Greek Gin and Tonic
Sign up for our free email subscription and never miss a recipe.
You might wonder if a gin and tonic is really a drink worthy of a post from us. But there is more to this cocktail than first meets the eyes. With the emergence of different styles of gin and unique flavored tonics, the refreshing mixture is now evolving into more than just a two ingredient cocktail- it is becoming its own drink category.
Personally, I wouldn’t turn down a regular gin and tonic with a lemon on a hot summer day, but this Greek style gin and tonic is slowly becoming one of my go-to drinks. This is in no small part because this drink brings me back to the times I have spent vacationing on the Mediterranean Sea. Being from Bulgaria myself, with Greece as a neighbor, it ended up being a popular destination for weekend getaways. This cocktail awakens so many good memories from those young summer days – the dill infused gin, paired with cucumbers and gentle Mediterranean tonic take me back to all the summers that my friends and I ate tzatziki dip and sipped ouzo on the beach in Lemnos.
Super easy to make, savory yet smooth, the Greek G and T is breaking new grounds, and is another bar quality cocktail you can make at home.
Greek Gin and Tonic
- 2 oz Gin (we used Bombay Sapphire)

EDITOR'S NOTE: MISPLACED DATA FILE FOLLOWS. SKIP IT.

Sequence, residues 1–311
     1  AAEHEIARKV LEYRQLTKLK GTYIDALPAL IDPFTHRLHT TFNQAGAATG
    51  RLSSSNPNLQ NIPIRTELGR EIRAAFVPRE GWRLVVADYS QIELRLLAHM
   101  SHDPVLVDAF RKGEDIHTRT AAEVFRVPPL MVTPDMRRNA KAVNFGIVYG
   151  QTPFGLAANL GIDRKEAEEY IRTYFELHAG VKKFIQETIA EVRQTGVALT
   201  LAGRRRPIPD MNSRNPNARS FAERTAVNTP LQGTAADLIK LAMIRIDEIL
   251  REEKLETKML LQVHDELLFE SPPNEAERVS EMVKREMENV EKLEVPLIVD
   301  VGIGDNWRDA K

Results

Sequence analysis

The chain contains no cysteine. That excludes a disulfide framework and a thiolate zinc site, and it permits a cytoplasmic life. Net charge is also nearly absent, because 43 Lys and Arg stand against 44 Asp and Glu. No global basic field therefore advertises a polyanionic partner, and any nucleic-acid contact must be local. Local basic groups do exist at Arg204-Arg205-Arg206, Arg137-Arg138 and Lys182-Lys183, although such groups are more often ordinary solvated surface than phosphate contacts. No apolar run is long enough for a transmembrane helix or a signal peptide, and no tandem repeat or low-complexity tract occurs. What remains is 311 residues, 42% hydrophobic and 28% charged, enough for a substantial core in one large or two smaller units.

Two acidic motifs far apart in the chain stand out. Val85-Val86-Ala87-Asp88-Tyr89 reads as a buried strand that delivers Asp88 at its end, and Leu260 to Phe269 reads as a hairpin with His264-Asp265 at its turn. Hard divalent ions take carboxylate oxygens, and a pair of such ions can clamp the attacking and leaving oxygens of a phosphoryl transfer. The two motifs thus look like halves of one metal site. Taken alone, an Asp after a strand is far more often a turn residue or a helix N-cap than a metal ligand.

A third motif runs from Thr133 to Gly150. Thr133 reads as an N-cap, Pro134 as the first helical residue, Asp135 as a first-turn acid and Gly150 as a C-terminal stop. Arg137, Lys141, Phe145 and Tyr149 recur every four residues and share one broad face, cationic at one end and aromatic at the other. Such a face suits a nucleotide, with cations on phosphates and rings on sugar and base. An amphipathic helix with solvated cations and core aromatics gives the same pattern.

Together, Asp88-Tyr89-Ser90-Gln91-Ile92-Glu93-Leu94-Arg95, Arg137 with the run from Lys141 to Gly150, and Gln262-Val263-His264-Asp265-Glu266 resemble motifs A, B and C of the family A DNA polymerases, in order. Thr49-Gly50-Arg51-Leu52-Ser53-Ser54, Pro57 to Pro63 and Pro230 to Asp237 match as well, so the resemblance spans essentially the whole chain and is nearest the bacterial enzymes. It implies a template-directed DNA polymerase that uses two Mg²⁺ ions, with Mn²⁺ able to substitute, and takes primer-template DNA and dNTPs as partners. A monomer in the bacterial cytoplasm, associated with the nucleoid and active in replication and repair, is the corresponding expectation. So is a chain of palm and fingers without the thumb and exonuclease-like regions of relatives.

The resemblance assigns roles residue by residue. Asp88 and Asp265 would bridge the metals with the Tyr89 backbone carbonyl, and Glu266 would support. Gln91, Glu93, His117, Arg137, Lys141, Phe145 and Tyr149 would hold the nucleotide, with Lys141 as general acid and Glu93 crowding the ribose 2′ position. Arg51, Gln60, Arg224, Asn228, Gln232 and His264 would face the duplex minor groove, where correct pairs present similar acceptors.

- 0.25 oz Simple Syrup
- 4 tbsp Dill Pollen or Fresh Dill
- 10 Cucumber Wheels
- Whole Black Peppercorns (for garnish)
- Lime Wheels (for garnish)
- Fresh Rosemary (for garnish)
Start by combining 750 milliliters of gin with the cucumber wheels and 4 table spoons of dill pollen in a sealable jar
After an hour of infusing, strain the liquid through a cheesecloth covered sieve to discard all solids. Store the cucumber-dill gin in a glass bottle or container
In a wide, short cocktail glass, add ice, pour 2 ounces of the infused gin, simple syrup and top of with Fever Tree Mediterranean tonic
Add some whole black peppercorns and a rosemary sprig and stir
Finish with more cucumber wheels if you have it and garnish with limes
Infusing gin with dill has been on my mind for a some time now. And while I love fresh dill in salads and dips, infusing liquor with the herb left an unpleasant and sharp, earthy flavor in the gin. So instead, we tried dill pollen that we had received as a gift from a local herbalist, and I have to say it worked much better. I am not sure as to why exactly, but the pollen made the infusion much less pungent, while still absorbing a savory dill profile. There are plenty of stores that sell dill pollen, but just in case you have hard time finding it, you can also purchase it online here
Have you tried our recipes?